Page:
Susan has directed the writing program in undergraduate colleges, taught in the writing and English departments, and criminal justice departments.
Would you be willing to suffer the anger of the gods, fight battles, travel to Hades, and have your homecoming trip to your family take ten years, after having fought in the Trojan war? In the first lines of the Odyssey by Homer, we are introduced to Odysseus, the hero, who did just that. ''Tell me, Muse, of the man of many devices, who wandered far and wide after he had sacked Troy's sacred city, and saw the towns of many men and knew their mind.'' For ten years Odysseus traveled, leaving his wife, Penelope, to hope for his return while fighting off suitors who have come to take her and his land. The gods on Mount Olympus soon get involved in his return.
Fate Plays a Role
Zeus agrees to send Hermes to get Odysseus released from the island of Calypso, while Athena, disguised as a man, goes to Ithaca to warn the suitors of Odysseus's return. The gods on Mt. Olympus are aware of the difficulties Odysseus is having and the frailties of man. Zeus is not pleased with how men blame the gods for their troubles. ''Ah how shameless -- the way these mortals blame the gods. From us alone, they say, come all their miseries, yes, but they themselves, with their own reckless ways, compound their pains beyond their proper share.'' Here, we're reminded that it's important to assume responsibility for our own actions, even if we don't want to. We can never move forward until we accept the error of our ways.
Poseidon is angry with Odysseus, and we can see the concept of fate, or destiny, in the way he carries out Zeus's will. ''For his sake Poseidon, shaker of the earth, although he does not kill Odysseus, yet drives him back from the land of his fathers. But come, let all of us who are here work out his homecoming and see to it that he returns. Poseidon shall put away his anger; for all alone and against the will of the other immortal gods united he can accomplish nothing.'' Poseidon must allow Odysseus to return home in order to fulfill Zeus' orders, but there is nothing in that order that says how long it must take, how many obstacles can be thrown in Odysseus' way, or whether he can make Odysseus suffer. We're left to consider the concept of fate versus free will and then ultimately whether our path to an eventual end matters at all.
The seer predicts that things will not go well for the suitors who have come to Ithaca to steal Penelope from Odysseus. ''Poor wretches, what evil has come on you? Your heads and faces and the knees underneath you are shrouded in night and darkness; a sound of wailing has broken out, your cheeks are covered with tears, and the walls bleed, and the fine supporting pillars.'' We should not be surprised when the seer's prediction proves right, and everything goes terribly wrong for those who came to take everything Odysseus treasured.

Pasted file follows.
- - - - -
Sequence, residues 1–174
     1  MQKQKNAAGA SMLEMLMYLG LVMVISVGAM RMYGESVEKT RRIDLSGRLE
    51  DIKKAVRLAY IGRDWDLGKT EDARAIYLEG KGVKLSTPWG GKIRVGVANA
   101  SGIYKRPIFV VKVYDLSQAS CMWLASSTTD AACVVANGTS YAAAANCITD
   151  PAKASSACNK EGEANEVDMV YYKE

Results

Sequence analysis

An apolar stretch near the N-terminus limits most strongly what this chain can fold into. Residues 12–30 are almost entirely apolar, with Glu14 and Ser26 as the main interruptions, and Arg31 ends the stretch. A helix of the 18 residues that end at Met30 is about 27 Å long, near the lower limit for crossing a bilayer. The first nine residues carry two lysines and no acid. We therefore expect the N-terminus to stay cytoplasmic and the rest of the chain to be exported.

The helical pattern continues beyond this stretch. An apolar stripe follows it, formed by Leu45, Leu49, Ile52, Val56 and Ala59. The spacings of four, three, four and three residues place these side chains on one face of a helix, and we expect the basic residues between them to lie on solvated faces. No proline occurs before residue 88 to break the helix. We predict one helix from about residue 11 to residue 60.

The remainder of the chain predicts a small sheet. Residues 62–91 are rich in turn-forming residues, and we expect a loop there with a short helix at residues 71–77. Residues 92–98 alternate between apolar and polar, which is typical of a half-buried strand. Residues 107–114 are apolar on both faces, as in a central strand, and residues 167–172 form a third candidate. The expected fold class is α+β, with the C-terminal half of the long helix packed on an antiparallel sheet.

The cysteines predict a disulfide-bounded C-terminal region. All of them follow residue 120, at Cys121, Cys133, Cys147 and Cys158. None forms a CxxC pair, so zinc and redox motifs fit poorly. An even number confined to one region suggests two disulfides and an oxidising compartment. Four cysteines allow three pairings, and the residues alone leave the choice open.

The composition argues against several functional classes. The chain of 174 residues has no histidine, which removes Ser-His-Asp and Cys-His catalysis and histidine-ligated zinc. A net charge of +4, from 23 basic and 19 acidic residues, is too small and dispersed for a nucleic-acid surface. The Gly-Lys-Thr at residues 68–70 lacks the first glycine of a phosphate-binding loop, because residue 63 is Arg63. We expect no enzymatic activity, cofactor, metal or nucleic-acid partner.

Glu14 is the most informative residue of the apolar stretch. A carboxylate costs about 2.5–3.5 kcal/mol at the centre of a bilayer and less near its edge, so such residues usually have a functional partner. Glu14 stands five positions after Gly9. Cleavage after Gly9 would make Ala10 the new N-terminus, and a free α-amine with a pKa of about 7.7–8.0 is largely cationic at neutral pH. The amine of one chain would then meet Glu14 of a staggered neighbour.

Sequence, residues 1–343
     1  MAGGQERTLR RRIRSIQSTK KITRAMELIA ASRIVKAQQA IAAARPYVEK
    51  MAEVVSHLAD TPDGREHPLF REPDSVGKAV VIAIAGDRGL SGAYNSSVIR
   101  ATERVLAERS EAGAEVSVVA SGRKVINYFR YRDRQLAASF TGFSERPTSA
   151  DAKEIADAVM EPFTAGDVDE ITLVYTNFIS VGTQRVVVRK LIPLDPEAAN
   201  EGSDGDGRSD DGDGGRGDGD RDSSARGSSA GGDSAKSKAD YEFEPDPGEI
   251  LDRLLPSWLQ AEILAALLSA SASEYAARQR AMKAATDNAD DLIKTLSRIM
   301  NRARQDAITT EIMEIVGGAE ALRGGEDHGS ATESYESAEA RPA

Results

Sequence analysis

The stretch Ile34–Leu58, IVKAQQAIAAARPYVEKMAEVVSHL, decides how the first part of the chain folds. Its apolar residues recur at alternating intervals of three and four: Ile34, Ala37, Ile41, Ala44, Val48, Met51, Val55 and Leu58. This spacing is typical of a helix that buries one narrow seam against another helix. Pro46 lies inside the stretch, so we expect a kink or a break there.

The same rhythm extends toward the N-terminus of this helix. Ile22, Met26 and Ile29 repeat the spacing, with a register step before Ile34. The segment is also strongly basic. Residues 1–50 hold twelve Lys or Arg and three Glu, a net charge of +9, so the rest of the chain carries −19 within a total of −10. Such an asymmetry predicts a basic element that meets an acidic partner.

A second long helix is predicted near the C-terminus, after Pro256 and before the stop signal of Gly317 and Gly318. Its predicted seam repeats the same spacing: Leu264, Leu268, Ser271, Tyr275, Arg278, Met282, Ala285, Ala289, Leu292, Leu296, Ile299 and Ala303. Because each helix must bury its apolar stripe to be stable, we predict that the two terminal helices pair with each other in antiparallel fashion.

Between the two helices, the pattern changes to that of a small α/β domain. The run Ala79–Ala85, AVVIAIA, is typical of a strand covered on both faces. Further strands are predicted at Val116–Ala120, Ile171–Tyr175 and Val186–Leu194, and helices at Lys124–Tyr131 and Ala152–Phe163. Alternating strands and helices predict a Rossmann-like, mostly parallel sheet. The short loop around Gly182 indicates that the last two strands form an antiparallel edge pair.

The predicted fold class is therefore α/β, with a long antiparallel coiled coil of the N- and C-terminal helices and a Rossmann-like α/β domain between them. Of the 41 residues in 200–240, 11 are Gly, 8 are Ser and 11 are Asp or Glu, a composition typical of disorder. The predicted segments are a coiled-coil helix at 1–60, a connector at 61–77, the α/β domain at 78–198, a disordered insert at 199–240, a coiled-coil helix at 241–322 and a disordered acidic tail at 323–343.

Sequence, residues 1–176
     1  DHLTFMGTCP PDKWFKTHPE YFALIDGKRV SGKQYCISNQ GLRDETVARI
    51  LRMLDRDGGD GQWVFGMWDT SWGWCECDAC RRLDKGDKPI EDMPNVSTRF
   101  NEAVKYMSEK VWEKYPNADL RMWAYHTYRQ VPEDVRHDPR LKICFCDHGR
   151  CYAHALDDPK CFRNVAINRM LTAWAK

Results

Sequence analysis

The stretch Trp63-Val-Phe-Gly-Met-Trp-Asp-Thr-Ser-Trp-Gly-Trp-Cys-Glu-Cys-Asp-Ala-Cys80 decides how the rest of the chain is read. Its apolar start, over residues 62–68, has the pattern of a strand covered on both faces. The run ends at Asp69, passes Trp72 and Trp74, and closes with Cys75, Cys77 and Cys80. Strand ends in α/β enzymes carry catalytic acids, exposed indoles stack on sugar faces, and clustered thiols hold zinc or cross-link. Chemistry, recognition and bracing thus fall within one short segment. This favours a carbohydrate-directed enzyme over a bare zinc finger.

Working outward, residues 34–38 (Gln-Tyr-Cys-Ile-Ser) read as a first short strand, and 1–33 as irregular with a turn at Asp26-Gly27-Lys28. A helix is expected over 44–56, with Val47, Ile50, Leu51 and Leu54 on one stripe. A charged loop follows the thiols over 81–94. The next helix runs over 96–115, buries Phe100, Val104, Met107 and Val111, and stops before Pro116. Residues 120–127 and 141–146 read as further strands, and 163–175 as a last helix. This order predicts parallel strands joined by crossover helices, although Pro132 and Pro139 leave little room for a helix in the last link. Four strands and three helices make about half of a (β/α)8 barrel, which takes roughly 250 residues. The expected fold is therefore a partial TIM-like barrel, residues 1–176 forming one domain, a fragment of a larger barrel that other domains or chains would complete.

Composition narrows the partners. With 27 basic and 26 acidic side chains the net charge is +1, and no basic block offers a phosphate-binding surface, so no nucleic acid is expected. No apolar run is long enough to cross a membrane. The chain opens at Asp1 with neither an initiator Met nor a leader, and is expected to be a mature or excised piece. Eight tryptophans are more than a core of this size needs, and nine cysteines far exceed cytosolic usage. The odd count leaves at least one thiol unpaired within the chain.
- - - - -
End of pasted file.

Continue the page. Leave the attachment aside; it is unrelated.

Justice Is Done
Odysseus' son, Telemachus, calls out to Themis, the Greek goddess of Divine Law, asking for help with the suitors who are threatening his family and their land. He says, ''. . .fear also the gods' anger, lest they, astonished by evil actions, turn against you.'' Telemachus is putting the suitors on notice that what they're doing is offensive to the gods and telling them to beware, for those who anger the gods will be dealt with harshly. The gods will see that justice is done.
Alcinous, King of the Phaeacians, offers Odysseus a way to get home, believing he has suffered too much for too long, and it's time that justice is served. He offers this: l'Let us man by man each one of us give a great tripod and a cauldron, and we will make it good to us by a collection among the people. It is hard for a single man to be generous.''
When Odysseus finally makes it back to Ithaca and his beloved Penelope, he must deal with the suitors who have destroyed his land and tried to take his family away from him. ''You dogs, you never thought I would any more come back from the land of Troy, and because of that you despoiled my household, and forcibly took my serving women to sleep beside you, and sought to win my wife while I was still alive, fearing neither the immortal gods who hold the wide heaven, nor any resentment sprung from men to be yours in the future. Now upon you all the terms of destruction are fastened.'' Odysseus believes that justice will be served if the power of the gods falls upon the suitors. They deserve pain and suffering and destruction; anything less would be a disservice and an injustice.
In the Odyssey by Homer, we can see the importance of the concepts of fate, or destiny, and justice. Free will versus fate must be considered when considering the trials Odysseus faces. As human beings, we must assume responsibility for our own actions; we cannot blame everything on external forces.
Justice triumphs when Telemachus asks Themis, the Greek goddess of divine law, for help, and he lets the suitors know that angering the gods is a dangerous business. We are witness to his exhilaration when the gods intervene to help Odysseus finds his way home, and when the power of the gods falls upon the suitors for the pain they have inflicted on our hero, we feel justice has been served.
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